Data Source and Linkage
Our analysis is based on the Transformed Medicaid Statistical Information System (T-MSIS) Analytical Files (TAF) Research Identifiable Files (RIF). We include beneficiaries who were enrolled at any point in 2018. We use the 2018 Demographic Eligibility (DE) Base file to determine eligibility pathway based on last-best eligibility data. We draw enrollment dates from the 2017-2019 DE Dates files. Our analysis uses enrollment dates from 2017 and 2019 so that we are able to identify people who were enrolled from December 2017 into January 2018, as well as December 2018 into January 2019. Data for 2019 are from the preliminary version of the T-MSIS RIF. All other DE Base and DE Dates files are final versions (Release 1).
State Exclusion Criteria
We use 41 states in our analysis. We excluded 10 states (FL, IN, KY, ME, MS, NE, OK, OR, UT, and WY) due to missing or inconsistent data based on state-level information available at the DQ Atlas as well as our own analysis We relied on data quality assessments from DQ Atlas to exclude states that have a “medium concern”, “high concern”, or “unusable” data quality assessment for: (1) the average monthly Medicaid/CHIP enrollment compared to an external enrollment benchmark (Medicaid/CHIP Performance Indicator Data) (excluded five states (IN, KY, ME, MS, NE)); (2) the average length of enrollment gaps, and (3) the percent of beneficiaries with overlapping Medicaid and S-CHIP enrollment spans (no states were excluded based on measures 2 or 3). We further excluded states based on: (4) the percent of beneficiaries missing an eligibility group code (threshold of >=10%, excluded OR); (5) the percent of beneficiaries with only one enrollment span (threshold of >=99.5, excluded FL, KY, and WY); and (6) the percent of beneficiaries with three or more enrollment spans in a year (threshold of >=5%, excluded OK). Notably, our exclusion criteria related to the number of enrollment spans in a year (measures 5 and 6) are less restrictive than that in the DQ Atlas because we did not want to make assumptions about the number of enrollment spans in our analysis, but did want to remove extreme cases that are the most likely to represent inaccurate enrollment dates.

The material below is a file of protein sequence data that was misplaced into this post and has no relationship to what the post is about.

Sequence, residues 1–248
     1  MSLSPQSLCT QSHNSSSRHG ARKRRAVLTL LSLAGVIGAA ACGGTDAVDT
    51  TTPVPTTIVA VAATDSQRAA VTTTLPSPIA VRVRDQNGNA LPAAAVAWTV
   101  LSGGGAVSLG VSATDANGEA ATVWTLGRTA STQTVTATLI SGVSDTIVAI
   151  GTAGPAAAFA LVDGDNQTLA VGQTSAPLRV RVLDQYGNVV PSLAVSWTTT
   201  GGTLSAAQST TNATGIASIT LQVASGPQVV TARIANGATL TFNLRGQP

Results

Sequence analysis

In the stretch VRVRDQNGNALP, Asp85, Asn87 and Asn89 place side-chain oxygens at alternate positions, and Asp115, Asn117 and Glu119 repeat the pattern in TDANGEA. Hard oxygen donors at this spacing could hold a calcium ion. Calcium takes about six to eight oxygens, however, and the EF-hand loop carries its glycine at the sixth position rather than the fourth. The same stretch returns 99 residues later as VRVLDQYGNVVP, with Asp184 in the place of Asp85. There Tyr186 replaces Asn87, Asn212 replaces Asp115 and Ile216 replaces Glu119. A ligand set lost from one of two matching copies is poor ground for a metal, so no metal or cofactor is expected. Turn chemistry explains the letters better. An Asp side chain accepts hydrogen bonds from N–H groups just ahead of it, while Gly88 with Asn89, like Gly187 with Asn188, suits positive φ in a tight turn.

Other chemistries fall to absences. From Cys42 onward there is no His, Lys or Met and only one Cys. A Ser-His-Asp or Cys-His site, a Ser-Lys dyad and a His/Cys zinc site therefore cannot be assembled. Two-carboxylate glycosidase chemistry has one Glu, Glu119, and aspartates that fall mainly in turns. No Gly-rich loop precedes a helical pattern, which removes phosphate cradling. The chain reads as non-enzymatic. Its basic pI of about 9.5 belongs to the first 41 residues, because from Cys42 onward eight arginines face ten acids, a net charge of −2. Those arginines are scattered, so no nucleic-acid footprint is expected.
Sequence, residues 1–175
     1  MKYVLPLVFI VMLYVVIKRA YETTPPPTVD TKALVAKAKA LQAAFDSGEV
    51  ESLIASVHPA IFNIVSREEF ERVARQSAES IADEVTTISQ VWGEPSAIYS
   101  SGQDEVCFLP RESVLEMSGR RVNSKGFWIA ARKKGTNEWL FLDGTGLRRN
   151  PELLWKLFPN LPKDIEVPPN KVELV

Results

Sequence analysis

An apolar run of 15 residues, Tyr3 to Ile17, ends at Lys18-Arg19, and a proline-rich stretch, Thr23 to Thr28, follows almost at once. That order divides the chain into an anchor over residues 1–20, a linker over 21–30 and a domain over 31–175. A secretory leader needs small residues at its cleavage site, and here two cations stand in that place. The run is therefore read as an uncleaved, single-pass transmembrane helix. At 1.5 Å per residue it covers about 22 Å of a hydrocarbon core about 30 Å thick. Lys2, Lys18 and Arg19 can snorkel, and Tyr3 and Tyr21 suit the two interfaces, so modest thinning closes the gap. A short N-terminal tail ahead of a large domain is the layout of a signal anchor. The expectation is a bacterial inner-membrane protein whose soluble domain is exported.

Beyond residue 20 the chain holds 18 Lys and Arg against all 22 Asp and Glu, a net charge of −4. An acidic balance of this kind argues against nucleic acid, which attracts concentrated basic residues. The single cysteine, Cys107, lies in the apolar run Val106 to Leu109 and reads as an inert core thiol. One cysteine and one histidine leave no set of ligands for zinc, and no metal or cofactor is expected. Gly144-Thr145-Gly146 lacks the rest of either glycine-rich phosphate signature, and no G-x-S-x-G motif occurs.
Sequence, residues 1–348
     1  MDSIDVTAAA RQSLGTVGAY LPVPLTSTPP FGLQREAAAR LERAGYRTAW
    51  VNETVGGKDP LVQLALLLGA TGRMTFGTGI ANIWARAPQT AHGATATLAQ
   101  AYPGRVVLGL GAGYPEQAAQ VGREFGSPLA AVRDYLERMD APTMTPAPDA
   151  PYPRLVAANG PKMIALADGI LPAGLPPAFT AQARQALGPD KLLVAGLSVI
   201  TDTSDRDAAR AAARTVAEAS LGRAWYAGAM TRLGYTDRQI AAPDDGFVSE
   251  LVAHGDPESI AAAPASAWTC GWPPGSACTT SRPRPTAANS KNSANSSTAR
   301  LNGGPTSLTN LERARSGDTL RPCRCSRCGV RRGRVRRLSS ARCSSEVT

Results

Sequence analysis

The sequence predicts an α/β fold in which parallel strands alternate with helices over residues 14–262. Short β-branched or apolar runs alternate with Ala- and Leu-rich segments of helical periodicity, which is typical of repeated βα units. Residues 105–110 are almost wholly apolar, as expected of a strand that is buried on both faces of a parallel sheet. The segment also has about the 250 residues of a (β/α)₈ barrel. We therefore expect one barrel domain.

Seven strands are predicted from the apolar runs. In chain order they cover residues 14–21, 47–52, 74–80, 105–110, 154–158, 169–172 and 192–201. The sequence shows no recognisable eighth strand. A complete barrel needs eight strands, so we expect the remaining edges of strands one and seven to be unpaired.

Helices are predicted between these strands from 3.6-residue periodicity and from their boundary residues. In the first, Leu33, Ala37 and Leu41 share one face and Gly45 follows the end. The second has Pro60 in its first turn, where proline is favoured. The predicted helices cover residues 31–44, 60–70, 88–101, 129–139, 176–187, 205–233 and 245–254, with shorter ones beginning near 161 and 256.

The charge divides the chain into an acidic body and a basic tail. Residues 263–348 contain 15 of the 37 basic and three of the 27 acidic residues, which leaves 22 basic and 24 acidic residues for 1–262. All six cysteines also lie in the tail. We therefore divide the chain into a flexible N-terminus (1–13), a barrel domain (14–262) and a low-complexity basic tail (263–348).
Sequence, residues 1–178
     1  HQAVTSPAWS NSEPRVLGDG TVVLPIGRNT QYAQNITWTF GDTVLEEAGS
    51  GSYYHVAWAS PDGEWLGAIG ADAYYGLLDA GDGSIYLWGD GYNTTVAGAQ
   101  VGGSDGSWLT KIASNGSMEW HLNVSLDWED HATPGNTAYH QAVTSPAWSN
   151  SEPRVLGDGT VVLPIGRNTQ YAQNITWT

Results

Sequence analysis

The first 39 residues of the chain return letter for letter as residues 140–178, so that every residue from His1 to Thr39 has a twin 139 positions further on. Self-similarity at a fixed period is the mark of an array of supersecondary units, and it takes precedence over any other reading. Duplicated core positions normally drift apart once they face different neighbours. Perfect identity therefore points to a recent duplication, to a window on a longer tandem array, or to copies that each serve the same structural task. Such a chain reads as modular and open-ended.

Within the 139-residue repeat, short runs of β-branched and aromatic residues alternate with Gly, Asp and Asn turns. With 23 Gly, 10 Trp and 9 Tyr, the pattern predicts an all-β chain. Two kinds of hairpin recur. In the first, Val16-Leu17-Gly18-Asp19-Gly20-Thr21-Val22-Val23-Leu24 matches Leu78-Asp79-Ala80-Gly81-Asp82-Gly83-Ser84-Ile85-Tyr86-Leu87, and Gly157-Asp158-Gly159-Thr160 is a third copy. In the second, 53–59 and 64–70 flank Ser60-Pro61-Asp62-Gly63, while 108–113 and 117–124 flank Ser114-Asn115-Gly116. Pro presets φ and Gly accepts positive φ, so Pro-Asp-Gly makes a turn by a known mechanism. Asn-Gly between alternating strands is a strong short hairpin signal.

Beneficiary Linking, Eligibility Classification, and Exclusion
We linked individuals across years using BENE_ID, which are unique enrollee identifiers created by the Chronic Conditions Warehouse and are recommended for use when combining data for multiple years. We also use BENE_ID to link the DE Base and DE Dates files. We assigned restricted benefit status and eligibility group code using a last-best approach for 2018, which assigns eligibility based on the most recent eligibility code in 2018. We classified eligibility groups using a hierarchy that first checked if the eligibility group code was missing, then checked for medically needy eligibility, disability (under age 65), and expansion adult. Any enrollees in the DE Base file that had a non-missing eligibility code and had not been assigned an eligibility group through this hierarchy were then were assigned by age to children (ages 20 and under), adults (ages 21 to 64), and aged (ages 65 and over).